I'm with Heidi, in a sense. I've got plenty of ideas. I've filled out several into full novels. Some of my stories I think of as going to three volumes. One I'm shopping around I see as six... where does the number ten come in? Of all my story ideas the only that could do it would be an anthology of a fantasy world that I've never polished since it's too like the Witch World series of Andre Norton.
I don't see the problem of writing a second if they like the first, you've said there's a great long time gap between selling the first to getting it published anyway, would I not be writing in that time?
I write every spare... okay, sometimes they aren't spare, but I'm writing all the time. When I'm really into a storyline then I'm thinking about it every moment.
When I read novels written by someone else (and enjoy them) I'm glad that they have a second, third, or fourth. With writing my trouble seems to be run-on length, as evidenced here.
Thanks for your blog, good luck with your books.

The Rejecter said...

Anon 7:56,

I can't, but she did work in the literary world, privately, as an editor for many years. There is some question of how much she rewrote of other people's work. What I'm saying is, she put words down on the page for a living, or edited words on the page. She was actively engaged in the literary community.

Kaleb said...

you're right on this. I think a lot of it has to do with the fact that authors should plan while writing the first book what the second will be about. That way, you DO have years of development time into the second one before you even get there.

X said...

Try a different approach, so hopefully some of us can just write a book and become financially independent: Why was To Kill a Mockingbird so successful? I would say it was the monumental symbolism running through the core, coupled with all the irrelevent details, the realism, the strength of character. The memorability. We remember things that threaten the security of society. But you need all those other things. (Note: I was asleep while they made us read it in freshman English.)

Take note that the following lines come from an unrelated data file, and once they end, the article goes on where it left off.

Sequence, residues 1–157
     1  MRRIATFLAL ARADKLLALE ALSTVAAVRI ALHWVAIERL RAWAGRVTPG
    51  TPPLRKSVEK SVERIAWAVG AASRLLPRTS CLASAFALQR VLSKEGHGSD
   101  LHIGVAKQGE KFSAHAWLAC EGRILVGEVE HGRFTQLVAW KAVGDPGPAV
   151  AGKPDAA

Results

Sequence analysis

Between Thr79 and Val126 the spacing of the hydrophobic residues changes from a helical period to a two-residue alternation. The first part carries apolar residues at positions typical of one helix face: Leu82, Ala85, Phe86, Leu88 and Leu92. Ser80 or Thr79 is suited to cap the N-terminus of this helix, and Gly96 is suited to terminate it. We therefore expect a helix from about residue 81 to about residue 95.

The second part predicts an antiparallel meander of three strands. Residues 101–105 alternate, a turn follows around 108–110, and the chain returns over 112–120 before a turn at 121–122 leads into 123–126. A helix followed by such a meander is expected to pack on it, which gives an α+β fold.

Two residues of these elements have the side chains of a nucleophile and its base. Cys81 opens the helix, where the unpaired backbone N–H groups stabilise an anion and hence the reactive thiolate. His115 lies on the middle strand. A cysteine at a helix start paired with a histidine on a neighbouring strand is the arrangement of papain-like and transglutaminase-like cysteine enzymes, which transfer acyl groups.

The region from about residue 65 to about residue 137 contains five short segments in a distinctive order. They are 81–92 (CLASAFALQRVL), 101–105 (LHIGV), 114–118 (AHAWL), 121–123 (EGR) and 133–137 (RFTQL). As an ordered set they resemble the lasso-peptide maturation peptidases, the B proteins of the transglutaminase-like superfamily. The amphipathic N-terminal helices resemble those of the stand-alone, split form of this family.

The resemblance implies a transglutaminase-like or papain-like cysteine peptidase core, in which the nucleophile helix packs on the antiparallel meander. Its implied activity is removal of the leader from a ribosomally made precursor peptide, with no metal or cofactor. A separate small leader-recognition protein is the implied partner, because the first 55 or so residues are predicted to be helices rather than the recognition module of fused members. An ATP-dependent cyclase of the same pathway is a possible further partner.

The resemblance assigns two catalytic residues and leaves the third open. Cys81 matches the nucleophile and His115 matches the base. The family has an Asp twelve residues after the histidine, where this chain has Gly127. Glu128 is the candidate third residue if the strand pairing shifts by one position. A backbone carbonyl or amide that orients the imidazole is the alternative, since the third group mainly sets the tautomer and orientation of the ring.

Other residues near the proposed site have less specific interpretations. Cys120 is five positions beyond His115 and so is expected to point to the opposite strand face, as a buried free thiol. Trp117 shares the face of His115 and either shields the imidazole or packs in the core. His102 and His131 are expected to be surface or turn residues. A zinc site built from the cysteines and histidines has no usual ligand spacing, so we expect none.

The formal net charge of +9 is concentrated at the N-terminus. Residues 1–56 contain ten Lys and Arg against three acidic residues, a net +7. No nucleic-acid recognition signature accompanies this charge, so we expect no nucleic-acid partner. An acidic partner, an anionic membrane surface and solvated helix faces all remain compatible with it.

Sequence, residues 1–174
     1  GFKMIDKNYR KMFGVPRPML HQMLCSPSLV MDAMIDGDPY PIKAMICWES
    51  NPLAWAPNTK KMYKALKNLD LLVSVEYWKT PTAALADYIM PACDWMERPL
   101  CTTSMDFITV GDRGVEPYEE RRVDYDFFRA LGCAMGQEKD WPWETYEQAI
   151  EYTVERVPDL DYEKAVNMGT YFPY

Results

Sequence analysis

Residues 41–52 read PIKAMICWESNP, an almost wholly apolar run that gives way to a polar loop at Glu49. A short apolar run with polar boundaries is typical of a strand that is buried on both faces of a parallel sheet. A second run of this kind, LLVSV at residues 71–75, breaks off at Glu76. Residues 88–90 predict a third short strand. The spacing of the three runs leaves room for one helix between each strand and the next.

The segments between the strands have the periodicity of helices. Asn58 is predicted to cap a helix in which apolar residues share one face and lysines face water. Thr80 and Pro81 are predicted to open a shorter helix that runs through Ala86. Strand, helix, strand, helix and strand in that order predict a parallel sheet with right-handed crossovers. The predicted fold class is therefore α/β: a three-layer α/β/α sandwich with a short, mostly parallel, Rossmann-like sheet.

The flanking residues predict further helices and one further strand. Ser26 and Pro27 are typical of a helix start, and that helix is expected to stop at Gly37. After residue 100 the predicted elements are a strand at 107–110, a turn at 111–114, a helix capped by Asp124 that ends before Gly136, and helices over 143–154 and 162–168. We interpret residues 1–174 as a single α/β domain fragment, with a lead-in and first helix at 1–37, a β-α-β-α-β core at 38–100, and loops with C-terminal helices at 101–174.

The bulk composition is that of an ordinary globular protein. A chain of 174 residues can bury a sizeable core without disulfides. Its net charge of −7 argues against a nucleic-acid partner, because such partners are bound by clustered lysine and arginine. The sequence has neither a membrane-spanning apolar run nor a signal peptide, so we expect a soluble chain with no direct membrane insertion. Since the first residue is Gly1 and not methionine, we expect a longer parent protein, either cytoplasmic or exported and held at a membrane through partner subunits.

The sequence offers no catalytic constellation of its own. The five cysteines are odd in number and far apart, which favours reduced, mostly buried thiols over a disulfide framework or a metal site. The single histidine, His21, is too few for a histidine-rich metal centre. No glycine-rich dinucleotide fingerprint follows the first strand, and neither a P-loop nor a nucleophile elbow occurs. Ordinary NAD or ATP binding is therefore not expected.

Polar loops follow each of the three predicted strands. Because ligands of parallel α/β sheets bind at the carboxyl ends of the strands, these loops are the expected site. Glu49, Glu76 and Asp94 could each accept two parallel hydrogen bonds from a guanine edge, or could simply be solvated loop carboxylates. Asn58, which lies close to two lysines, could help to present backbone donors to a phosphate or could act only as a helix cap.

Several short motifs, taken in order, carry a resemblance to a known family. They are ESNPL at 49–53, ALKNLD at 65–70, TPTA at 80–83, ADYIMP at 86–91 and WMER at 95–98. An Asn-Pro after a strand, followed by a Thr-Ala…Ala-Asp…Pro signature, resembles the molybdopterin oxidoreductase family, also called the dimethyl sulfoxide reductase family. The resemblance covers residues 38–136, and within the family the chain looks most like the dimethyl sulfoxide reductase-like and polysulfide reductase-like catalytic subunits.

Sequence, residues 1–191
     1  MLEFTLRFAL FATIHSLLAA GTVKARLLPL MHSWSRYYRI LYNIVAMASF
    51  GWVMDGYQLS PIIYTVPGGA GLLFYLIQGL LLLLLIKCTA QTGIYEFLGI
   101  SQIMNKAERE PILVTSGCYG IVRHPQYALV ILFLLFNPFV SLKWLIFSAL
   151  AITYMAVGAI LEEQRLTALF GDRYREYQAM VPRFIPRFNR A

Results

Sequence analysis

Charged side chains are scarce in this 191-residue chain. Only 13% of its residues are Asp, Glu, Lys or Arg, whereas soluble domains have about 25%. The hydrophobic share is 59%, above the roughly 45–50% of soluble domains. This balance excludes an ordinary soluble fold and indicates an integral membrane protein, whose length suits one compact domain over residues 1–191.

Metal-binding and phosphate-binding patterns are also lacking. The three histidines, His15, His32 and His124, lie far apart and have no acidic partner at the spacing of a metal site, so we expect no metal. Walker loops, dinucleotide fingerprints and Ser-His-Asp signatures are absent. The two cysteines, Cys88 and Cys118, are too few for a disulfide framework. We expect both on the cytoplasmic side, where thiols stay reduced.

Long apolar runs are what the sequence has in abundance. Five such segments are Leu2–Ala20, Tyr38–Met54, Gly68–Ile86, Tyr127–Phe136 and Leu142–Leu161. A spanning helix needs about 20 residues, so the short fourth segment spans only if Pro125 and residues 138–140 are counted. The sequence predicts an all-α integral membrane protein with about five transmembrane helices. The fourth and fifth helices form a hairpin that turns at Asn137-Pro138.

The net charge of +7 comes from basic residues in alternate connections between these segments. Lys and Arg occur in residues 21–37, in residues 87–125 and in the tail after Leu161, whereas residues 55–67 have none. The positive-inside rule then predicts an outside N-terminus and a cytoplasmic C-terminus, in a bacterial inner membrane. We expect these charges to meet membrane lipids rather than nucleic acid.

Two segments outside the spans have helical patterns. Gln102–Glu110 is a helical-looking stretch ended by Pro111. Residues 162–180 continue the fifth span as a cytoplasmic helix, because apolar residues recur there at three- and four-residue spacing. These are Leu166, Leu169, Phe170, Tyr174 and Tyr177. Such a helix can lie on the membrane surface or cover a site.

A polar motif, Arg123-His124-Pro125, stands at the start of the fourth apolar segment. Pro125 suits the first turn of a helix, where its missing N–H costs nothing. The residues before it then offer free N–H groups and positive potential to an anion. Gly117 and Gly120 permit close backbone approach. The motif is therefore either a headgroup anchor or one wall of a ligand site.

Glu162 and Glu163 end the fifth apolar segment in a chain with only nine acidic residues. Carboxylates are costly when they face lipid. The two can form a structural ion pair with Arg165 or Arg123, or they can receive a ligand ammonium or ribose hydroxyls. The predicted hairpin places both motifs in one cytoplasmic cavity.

Anonymous said...

"...I'm for it because I have a series, and the first book sold. If it does well, the second will be picked up. If I make it to the third, I might be in the clear for all 10, even the ones that are weaker than others."

Did you sell the series as as series? Or did you sell the first one as a standalone, with hopes that it would sell well enough to get the subsequent volumes picked up as well? I keep reading conflicting advice about whether to tell an agent that your book is the first of a series or not.

Heidi the Hick said...

People named Heidi... great minds.

I am in agreement too. I can't imagine having one book written and then drying up. I can imagine getting that first published book out there and then getting too distracted or frazzled to continue work on the next one. I'm not too worried about that because I've spent the last two years training myself to write no matter what.

I think (in my naive opinion) that the trick to not having the Authorial Slump is to have something new on the go all the time. We can't pop out that one book and then say "I'm DONE!!!!"

Josephine Damian said...

I see the sophmore slump a lot and it's really sad.

Charles Frazier and "Cold Mountain"
Dave Gutterson and "Snow Falling on Cedars"
Donna Tartt and "The Secret History"

to name a few authors whose second books bombed.

I heard it takes writing 4-5 books to learn craft, before you're ready to be published. But I see a lot of first timers who schmooze and network their way into getting their first book published, and then panic over writing the second one and making it a success without all that hype provided by their mentor on their first book.